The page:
Sonar

American:
mass manufacture (spam, aircraft, tanks, ammunition)
transport design (Dakota, Jeep, Liberty Ship)
Strategic bomber design (B-17, B-29)
Aircraft Carrier design

Soviet:
tank design
artillery (including unguided rocket Katyushas)
audio intelligence collection

The great 'what-if' of the war was the German nuclear programme - even after the departure of brilliant minds with Jewish heritage like Einstein they did have access to nobel prize winning scientists like Otto Hahn, Walter Brothe, and Werner Heisenberg.

The biggest factor appears to have been:
a) the German Army and the Nazi Party's lack of recognition that a crash, all-out programme could produce a usable weapon. This may have something to do with the fact that most of the biggest proponents of building the Bomb in the UK and US were physicists who fled the Nazis, while the remaining great minds in Germany were far from committed to Nazi triumph.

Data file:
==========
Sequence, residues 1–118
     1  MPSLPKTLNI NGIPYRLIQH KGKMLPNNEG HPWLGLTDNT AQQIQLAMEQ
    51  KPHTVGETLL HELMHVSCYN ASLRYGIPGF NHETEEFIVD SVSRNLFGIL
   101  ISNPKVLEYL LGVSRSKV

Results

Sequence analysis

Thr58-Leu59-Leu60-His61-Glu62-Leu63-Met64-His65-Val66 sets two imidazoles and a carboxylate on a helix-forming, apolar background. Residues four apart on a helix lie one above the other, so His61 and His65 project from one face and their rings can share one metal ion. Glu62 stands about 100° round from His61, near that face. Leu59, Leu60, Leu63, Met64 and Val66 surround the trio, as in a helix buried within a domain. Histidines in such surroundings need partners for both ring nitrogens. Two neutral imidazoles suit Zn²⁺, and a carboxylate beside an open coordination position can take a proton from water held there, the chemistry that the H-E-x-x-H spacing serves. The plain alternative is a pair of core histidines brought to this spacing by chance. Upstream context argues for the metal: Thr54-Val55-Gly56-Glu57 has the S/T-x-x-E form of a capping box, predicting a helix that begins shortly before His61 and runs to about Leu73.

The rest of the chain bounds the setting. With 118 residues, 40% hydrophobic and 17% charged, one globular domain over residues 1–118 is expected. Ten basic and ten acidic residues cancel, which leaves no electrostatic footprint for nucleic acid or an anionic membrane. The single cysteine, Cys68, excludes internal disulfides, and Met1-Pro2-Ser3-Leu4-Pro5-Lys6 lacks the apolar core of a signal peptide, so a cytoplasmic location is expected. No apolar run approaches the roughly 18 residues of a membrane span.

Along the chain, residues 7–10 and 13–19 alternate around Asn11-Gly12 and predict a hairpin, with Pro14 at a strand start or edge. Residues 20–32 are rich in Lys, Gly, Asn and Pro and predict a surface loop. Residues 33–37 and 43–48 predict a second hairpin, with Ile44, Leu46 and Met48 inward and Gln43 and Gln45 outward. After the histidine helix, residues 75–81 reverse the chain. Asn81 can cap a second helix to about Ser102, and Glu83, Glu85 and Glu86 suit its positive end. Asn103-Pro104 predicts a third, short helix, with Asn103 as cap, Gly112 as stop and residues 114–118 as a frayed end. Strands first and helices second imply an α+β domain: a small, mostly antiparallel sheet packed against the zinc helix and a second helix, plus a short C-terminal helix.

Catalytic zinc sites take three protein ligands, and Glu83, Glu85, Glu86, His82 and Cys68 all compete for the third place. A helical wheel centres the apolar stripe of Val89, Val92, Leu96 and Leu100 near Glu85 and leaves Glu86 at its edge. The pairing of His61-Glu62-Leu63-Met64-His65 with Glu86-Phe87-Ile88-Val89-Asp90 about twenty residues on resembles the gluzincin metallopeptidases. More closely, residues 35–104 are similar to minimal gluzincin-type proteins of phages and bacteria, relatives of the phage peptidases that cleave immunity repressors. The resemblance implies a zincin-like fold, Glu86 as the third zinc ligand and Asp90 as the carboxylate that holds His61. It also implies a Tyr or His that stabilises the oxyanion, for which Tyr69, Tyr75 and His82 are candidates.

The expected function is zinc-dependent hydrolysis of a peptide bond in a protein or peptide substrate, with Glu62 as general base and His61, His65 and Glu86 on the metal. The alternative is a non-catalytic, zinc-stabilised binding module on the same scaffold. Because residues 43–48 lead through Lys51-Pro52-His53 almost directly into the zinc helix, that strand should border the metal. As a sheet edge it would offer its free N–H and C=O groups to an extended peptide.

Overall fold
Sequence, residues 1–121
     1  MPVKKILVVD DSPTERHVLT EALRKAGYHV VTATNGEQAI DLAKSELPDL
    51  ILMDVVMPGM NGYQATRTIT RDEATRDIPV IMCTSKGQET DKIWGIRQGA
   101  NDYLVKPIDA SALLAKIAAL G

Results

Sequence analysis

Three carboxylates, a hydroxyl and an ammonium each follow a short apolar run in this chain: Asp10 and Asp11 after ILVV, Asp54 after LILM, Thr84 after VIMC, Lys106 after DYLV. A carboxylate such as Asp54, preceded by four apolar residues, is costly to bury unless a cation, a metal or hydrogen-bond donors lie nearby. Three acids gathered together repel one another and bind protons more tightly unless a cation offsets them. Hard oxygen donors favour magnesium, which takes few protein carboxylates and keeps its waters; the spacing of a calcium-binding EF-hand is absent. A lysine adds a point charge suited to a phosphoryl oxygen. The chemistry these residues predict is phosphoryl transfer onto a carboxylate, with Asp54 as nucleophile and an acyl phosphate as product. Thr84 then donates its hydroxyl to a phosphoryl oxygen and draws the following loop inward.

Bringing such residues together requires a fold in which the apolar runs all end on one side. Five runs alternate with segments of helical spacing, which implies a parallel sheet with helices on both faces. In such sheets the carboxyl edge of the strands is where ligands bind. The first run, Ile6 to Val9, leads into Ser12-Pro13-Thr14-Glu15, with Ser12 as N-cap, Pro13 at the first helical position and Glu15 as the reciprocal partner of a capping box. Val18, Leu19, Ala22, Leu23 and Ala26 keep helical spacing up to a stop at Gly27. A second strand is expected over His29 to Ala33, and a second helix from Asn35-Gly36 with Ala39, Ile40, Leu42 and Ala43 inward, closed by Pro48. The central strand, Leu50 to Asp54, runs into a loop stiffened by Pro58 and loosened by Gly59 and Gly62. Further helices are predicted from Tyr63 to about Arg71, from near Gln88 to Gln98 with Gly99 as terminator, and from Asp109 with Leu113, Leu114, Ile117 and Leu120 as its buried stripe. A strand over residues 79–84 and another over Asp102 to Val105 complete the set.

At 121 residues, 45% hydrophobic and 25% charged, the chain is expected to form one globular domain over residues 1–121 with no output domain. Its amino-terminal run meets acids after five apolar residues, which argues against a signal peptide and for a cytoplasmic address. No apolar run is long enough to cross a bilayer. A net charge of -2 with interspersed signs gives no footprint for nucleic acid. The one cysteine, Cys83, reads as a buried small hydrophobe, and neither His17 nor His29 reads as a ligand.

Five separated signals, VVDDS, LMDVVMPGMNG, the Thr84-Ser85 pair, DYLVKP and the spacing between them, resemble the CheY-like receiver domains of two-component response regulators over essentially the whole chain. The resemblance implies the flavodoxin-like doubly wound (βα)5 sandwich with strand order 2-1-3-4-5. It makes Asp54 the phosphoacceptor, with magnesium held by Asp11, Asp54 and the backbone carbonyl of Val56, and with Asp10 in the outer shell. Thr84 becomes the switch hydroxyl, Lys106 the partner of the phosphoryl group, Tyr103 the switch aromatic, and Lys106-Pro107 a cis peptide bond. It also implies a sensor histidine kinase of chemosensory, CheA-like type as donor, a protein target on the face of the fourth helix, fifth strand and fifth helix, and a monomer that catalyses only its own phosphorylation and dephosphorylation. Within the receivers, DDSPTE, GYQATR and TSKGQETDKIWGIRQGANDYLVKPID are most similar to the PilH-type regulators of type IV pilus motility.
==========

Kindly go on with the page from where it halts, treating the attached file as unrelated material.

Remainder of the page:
b) the lack of German strategic depth. The Allied programme was relocated to Canada and the US, which were out of range of German air power. The German programme on the other hand got more than its fair share of Allied attention in the form of special forces raids and strategic bombing which caused major set backs.

c) the Allied intelligence advantage. The Allies not only recognised the importance of the Bomb earlier, they kept close tabs on German nuclear research, while the Germans knew next to nothing about the Allied bomb project, or its progress.

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Re: WW2 Military Technologies: Successes and Failures

Postby jamwal » 03 Jan 2010 01:52

http://www.youtube.com/watch?v=cpwV0OYg1J4